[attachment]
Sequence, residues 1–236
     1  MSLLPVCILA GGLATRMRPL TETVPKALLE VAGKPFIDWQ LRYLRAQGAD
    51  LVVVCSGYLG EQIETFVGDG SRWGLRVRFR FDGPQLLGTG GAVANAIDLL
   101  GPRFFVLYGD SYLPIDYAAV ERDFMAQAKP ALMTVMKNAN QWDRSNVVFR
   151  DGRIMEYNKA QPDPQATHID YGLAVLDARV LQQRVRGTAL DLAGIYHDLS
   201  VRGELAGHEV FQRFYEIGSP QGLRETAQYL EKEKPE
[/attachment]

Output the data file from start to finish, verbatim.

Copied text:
Sequence, residues 1–236
     1  MSLLPVCILA GGLATRMRPL TETVPKALLE VAGKPFIDWQ LRYLRAQGAD
    51  LVVVCSGYLG EQIETFVGDG SRWGLRVRFR FDGPQLLGTG GAVANAIDLL
   101  GPRFFVLYGD SYLPIDYAAV ERDFMAQAKP ALMTVMKNAN QWDRSNVVFR
   151  DGRIMEYNKA QPDPQATHID YGLAVLDARV LQQRVRGTAL DLAGIYHDLS
   201  VRGELAGHEV FQRFYEIGSP QGLRETAQYL EKEKPE